Who likes NHS targets?


Box ticking So there are some workers in the NHS who like targets: Managers. A survey has shown that the majority of Managers asked thought targets should remain in place, with some leaving comments on how they 'stimulated productivity' and how removing them would mean staff would 'do what is easiest'.

Funny that - the very people brought in to implement targets don't want them to disappear. The introduction of targets has meant that management numbers have increased by 84 per cent over the last ten years, concomitant with a 27 per cent increase in nurses. Of course, targets don't just breed higher numbers of Managers - what we also see is more taxpayer-funded bodies to regulate the NHS and clinical staff forced off the wards and into the office. In short, an explosion in bureaucracy.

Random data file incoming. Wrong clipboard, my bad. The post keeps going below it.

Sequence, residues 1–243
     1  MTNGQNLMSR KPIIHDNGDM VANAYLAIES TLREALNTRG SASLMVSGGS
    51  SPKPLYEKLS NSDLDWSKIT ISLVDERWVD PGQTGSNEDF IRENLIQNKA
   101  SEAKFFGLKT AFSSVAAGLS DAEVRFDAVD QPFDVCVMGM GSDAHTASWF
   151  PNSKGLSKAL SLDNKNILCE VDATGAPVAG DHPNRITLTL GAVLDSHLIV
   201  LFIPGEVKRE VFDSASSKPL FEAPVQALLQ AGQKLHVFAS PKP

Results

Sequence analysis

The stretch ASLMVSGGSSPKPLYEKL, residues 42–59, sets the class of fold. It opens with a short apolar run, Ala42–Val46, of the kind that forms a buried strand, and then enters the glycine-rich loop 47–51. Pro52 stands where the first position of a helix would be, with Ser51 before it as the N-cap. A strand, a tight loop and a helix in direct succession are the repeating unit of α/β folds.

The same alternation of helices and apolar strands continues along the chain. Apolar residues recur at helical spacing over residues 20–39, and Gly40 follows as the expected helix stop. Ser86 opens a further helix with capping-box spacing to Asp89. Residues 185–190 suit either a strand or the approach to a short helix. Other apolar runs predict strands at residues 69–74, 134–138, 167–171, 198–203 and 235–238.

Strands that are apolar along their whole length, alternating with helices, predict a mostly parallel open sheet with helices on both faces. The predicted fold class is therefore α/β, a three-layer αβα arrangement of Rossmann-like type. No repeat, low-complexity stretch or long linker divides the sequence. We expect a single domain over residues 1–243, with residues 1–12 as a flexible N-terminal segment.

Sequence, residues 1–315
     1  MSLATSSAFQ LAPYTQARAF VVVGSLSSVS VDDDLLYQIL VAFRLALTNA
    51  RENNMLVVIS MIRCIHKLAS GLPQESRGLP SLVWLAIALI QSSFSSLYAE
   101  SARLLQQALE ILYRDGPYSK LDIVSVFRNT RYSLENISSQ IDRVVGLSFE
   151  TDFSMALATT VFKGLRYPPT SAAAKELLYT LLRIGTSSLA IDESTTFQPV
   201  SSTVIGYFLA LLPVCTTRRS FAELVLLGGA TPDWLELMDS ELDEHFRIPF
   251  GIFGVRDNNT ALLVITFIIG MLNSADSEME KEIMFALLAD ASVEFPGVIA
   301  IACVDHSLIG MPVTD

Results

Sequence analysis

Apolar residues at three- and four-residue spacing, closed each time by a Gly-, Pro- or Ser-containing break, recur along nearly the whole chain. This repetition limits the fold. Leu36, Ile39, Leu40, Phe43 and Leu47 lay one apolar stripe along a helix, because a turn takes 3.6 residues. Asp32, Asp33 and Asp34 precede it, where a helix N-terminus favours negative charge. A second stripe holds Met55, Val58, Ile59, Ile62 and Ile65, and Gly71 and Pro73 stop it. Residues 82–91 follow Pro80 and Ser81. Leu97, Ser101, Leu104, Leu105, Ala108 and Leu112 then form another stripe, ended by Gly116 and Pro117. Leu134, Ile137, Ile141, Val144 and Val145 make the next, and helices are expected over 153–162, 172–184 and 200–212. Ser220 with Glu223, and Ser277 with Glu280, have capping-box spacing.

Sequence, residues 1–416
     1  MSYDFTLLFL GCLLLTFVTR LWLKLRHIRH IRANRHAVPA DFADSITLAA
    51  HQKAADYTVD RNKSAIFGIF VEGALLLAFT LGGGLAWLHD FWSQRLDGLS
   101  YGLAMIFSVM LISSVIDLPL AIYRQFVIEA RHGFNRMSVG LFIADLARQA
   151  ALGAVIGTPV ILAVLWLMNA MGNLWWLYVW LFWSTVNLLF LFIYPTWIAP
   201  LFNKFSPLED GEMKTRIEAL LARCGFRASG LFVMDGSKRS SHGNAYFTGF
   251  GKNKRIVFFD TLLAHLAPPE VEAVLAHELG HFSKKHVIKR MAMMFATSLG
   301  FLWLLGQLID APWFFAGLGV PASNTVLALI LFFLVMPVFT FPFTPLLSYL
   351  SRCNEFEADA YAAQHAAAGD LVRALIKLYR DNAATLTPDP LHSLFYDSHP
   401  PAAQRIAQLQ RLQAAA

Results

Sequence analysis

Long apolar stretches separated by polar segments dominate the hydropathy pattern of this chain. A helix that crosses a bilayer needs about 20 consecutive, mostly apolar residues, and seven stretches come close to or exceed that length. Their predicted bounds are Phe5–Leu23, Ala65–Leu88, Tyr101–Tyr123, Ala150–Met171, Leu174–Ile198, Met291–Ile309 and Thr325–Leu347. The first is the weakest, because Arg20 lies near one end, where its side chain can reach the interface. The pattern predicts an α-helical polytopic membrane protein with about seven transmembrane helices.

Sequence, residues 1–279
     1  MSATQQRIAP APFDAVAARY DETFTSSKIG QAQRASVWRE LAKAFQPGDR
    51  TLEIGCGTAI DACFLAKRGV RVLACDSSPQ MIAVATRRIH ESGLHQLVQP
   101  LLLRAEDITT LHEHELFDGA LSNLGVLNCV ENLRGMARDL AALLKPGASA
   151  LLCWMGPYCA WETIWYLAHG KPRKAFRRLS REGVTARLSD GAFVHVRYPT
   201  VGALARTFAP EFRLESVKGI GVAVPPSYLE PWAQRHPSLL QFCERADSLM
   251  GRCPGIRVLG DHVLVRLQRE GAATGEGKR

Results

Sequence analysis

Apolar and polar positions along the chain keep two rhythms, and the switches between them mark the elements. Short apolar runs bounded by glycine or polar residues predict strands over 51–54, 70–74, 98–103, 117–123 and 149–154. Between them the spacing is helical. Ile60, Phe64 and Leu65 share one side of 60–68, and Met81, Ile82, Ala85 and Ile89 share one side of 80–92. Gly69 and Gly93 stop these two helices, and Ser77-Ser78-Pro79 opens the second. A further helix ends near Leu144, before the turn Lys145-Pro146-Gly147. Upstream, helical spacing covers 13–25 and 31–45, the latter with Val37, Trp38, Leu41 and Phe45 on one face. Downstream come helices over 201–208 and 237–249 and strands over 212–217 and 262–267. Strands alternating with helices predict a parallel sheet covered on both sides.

Box ticking So there are some workers in the NHS who like targets: Managers. A survey has shown that the majority of Managers asked thought targets should remain in place, with some leaving comments on how they 'stimulated productivity' and how removing them would mean staff would 'do what is easiest'.

Funny that - the very people brought in to implement targets don't want them to disappear. The introduction of targets has meant that management numbers have increased by 84 per cent over the last ten years, concomitant with a 27 per cent increase in nurses. Of course, targets don't just breed higher numbers of Managers - what we also see is more taxpayer-funded bodies to regulate the NHS and clinical staff forced off the wards and into the office. In short, an explosion in bureaucracy.